Once a famous Ziegfeld star, Dodo Delwyn, is reduced to playing clowns in burlesque and amusement parks as a result of his drinking. His son Little Dink idolizes Dodo and faithfully ...
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Miss Winters is a dancer with the Tommy Dorsey Orchestra and is asked to secretly transport a prototype magnetic mine to Puerto Rico. She thinks that she is working for the US Government, ... See full summary »
Pirdy is accident prone. He has been denied insurance from every company in town because he is always getting hit or hurt in some way. On the day that he meets the lovely Ellen of the ... See full summary »
Ambrose C. Park (Red Skelton), left on a park bench as an infant with an impulsive need to find his parents, is an assistant to a diamond cutter. Shyster lawyer Remlick (James Whitmore), in... See full summary »
Once a famous Ziegfeld star, Dodo Delwyn, is reduced to playing clowns in burlesque and amusement parks as a result of his drinking. His son Little Dink idolizes Dodo and faithfully believes in a comeback. He persuades "Uncle" Goldie, Dodo's agent in the good old days, to find a booking for Dodo. He can't, and Dink is sent to live with his remarried-and-wealthy mother, Paula. The unhappy Dink runs back to his father. His welcome return gives Dodo the courage needed to try a knockabout TV show offered by Goldie.Written by
Les Adams <email@example.com>
Just an excuse to show off Skelton's dramatic and comedic chops...but he infuses it with heart nevertheless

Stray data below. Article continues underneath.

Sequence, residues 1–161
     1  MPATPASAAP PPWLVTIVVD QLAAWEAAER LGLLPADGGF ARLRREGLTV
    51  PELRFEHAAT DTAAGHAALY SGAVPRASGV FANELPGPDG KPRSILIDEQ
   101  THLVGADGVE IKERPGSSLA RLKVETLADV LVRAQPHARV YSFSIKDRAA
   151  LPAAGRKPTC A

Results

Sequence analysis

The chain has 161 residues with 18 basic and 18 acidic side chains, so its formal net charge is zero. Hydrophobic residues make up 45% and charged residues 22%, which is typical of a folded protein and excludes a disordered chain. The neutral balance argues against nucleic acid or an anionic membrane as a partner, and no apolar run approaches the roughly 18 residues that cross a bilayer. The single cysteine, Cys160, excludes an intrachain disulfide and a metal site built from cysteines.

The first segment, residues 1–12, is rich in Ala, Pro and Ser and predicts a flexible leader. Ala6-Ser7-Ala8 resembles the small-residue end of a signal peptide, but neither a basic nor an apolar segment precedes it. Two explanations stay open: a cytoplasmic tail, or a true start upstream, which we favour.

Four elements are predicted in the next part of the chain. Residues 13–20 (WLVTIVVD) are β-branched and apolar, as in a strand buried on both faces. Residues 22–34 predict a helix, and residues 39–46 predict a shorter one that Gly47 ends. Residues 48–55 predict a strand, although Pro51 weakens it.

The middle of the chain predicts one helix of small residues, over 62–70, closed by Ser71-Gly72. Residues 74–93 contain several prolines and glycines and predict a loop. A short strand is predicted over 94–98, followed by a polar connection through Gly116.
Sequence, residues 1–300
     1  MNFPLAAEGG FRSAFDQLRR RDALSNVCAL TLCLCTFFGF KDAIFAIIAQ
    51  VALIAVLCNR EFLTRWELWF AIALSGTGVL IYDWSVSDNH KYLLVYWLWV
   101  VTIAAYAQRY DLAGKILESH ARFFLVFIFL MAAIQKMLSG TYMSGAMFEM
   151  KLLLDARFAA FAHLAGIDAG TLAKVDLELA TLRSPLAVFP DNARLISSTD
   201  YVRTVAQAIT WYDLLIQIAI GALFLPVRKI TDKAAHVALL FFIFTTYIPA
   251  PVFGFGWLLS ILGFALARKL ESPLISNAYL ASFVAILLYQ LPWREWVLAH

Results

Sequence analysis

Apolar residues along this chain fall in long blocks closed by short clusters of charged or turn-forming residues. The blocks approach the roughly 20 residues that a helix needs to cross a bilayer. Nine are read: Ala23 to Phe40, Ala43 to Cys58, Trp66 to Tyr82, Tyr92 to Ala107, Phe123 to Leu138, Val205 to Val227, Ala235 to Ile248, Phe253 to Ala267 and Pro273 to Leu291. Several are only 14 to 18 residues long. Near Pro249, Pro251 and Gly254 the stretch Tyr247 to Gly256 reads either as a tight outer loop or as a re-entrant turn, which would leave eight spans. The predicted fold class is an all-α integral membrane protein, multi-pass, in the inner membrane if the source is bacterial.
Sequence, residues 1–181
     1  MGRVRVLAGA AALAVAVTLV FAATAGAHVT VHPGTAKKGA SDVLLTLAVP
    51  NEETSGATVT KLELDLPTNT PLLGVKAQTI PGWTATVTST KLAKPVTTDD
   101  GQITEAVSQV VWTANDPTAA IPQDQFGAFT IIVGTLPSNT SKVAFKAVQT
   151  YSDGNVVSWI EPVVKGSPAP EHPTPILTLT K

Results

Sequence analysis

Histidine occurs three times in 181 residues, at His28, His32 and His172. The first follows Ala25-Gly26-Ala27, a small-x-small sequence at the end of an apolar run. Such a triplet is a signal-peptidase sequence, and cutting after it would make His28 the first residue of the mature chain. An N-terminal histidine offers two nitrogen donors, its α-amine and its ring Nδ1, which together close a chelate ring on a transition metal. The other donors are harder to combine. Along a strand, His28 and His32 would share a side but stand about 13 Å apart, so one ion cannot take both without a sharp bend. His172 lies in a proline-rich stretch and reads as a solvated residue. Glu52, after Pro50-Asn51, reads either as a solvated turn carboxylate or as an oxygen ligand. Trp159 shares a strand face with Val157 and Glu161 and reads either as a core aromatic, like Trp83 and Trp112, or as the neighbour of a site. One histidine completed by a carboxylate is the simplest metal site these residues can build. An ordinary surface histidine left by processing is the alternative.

Reworking of 1931's "The Champ" is a predictable father-son wallow permeated with self-pity...but you have to expect that with this formula--without it, the movie would crumble apart. Story of an ex-Ziegfeld comedian who has fallen on hard times provides the perfect opportunity for Red Skelton to stretch some dramatic acting muscles, and he does not disappoint. Plus, his relationship with young Tim Considine is well-played, and the surrounding milieu of nightclubs and talent agencies is believable. Still, this script really goes out on a limb to give Skelton's Dodo an even break (he lands a TV gig!), and the heartache inherent in the finale is telegraphed from miles away. Skelton does his familiar comic routines, enjoying them himself as much as the audience does, yet in these instances he's playing to his popular persona and the semblance of an actual character slips away. We also didn't need a reprisal of the ballet sequence from "Bathing Beauty" inserted as a flashback, nor a running-away-from-home thread which is just shucked off. Screenwriter Martin Rackin seems shackled to the by-the-numbers recipe lifted from the previous version; yet if it works at all, this is due to Skelton's panache. Dimply-cute and sad-eyed, the nervous warmth Red imbues to his paternal scenes, as well as towards Jane Greer in a dressing-room meeting, is indeed moving. **1/2 from ****
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